The social economics of ethical consumption: Theoretical considerations and empirical evidence
AbstractRecent years have seen rising discussion of ethical consumption as a means of stemming global warming, challenging unsavory business practices, and promoting other pro-social goals. This paper first lays out a conceptual framework for understanding the spread of ethical consumption, in which heterogeneous preferences and sensitivity to social norms feature centrally. It then presents empirical evidence from a well-known nationally representative survey on factors associated with tendencies to 'buy ethically'. It is found that, ceteris paribus, people are more likely to buy ethically when others around them do too, consistent with a role of social norms in promoting ethical-consumption behaviors.
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Bibliographic InfoArticle provided by Elsevier in its journal Journal of Behavioral and Experimental Economics (formerly The Journal of Socio-Economics).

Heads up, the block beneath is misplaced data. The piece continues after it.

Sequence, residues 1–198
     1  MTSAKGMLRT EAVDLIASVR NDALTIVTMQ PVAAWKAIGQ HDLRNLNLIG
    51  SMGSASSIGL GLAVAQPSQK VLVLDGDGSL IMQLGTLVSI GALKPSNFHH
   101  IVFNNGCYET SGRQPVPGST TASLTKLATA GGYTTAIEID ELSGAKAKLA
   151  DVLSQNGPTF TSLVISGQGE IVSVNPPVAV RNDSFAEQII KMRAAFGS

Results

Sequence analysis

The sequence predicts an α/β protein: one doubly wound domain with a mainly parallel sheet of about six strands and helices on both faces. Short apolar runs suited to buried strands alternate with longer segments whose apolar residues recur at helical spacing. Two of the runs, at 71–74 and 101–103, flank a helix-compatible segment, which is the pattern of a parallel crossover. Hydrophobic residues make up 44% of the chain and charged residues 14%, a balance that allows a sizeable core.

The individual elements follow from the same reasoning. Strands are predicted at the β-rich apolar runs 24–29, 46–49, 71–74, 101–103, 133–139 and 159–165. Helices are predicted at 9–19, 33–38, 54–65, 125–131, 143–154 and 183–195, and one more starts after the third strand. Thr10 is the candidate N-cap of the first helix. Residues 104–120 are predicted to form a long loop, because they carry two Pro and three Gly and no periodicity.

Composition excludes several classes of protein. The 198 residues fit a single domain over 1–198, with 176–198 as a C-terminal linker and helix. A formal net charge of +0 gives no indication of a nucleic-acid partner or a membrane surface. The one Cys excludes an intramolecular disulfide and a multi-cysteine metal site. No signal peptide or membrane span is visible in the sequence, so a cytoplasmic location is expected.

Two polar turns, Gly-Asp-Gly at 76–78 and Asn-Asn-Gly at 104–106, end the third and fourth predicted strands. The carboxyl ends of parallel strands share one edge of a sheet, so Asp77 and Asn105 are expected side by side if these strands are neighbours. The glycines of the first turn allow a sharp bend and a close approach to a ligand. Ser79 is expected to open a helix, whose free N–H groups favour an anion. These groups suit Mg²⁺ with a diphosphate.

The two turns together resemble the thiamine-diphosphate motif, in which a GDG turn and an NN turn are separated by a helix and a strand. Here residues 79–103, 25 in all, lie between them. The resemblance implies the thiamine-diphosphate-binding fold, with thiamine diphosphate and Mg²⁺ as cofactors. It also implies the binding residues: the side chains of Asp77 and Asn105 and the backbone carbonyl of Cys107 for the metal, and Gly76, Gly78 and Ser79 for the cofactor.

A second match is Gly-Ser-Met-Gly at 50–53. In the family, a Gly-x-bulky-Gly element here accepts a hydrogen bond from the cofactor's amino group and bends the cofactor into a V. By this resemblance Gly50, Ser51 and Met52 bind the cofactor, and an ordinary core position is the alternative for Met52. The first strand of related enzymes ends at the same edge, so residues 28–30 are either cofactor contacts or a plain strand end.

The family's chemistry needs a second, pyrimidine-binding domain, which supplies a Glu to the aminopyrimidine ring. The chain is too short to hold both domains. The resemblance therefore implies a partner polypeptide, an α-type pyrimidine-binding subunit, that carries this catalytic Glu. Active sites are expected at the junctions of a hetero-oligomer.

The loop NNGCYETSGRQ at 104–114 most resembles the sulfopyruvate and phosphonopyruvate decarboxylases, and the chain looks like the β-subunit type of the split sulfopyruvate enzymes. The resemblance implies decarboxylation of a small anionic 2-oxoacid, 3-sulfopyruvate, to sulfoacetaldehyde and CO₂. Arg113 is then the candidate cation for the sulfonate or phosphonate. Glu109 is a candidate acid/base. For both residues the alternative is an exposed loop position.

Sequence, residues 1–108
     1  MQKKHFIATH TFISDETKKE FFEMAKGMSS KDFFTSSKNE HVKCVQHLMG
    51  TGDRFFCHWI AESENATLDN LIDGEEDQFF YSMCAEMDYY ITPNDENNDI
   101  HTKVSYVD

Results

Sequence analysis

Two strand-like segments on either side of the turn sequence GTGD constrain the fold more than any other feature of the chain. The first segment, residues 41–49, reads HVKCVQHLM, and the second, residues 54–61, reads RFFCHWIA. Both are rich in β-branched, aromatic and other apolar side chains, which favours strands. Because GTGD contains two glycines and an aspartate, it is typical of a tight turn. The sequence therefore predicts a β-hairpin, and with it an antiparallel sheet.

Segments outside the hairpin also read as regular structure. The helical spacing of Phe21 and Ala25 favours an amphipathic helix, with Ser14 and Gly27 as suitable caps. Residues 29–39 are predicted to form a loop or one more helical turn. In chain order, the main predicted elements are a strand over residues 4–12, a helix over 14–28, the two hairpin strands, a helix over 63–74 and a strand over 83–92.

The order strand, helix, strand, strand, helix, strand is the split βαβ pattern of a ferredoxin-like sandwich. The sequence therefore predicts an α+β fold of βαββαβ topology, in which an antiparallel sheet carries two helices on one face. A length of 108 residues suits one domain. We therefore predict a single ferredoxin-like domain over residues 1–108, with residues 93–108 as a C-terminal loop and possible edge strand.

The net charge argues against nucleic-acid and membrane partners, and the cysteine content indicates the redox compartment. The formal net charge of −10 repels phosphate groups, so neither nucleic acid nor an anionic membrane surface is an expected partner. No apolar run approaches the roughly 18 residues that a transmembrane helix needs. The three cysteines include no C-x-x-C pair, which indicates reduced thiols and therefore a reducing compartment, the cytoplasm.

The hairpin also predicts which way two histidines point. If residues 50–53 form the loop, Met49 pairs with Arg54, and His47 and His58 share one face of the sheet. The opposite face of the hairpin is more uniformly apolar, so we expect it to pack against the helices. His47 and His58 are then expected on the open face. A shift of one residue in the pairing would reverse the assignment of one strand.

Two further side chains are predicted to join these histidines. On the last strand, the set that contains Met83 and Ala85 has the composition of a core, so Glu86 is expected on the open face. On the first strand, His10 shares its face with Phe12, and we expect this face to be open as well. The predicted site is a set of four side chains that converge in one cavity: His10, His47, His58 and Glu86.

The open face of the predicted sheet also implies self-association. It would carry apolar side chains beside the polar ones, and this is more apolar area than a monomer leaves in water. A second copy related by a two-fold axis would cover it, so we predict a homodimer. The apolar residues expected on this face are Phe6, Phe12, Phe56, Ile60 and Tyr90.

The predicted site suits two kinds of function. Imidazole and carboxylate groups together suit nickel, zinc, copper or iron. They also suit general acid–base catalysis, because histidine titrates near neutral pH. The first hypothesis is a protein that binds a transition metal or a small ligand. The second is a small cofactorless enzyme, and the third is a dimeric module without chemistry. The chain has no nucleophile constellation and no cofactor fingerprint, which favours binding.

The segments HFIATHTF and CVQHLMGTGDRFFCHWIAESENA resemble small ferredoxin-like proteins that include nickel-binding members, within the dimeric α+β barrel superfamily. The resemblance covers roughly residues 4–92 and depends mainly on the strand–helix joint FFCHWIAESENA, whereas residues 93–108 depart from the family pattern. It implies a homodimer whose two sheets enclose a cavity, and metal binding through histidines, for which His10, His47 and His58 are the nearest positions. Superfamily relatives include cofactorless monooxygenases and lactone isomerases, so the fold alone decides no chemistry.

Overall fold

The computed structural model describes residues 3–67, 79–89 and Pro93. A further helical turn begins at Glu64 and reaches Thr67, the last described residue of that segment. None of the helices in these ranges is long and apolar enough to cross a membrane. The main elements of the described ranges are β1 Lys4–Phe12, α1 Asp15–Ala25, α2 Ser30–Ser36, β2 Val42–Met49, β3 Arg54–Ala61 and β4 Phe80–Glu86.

Volume (Year): 38 (2009)
Issue (Month): 6 (December)
Contact details of provider:
Web page: http://www.elsevier.com/locate/inca/620175
Ethical consumption Pro-social behaviors Social norms Social dynamics of changing preferences Self-reported attitudes versus behavior Survey data;
Other versions of this item:
- Martha A. Starr, 2009. "The social economics of ethical consumption: Theoretical considerations and empirical evidence," Working Papers 2009-07, American University, Department of Economics.
- A13 - General Economics and Teaching - - General Economics - - - Relation of Economics to Social Values
- D63 - Microeconomics - - Welfare Economics - - - Equity, Justice, Inequality, and Other Normative Criteria and Measurement
- D64 - Microeconomics - - Welfare Economics - - - Altruism; Philanthropy
- E21 - Macroeconomics and Monetary Economics - - Consumption, Saving, Production, Employment, and Investment - - - Consumption; Saving; Wealth
- D12 - Microeconomics - - Household Behavior - - - Consumer Economics: Empirical Analysis
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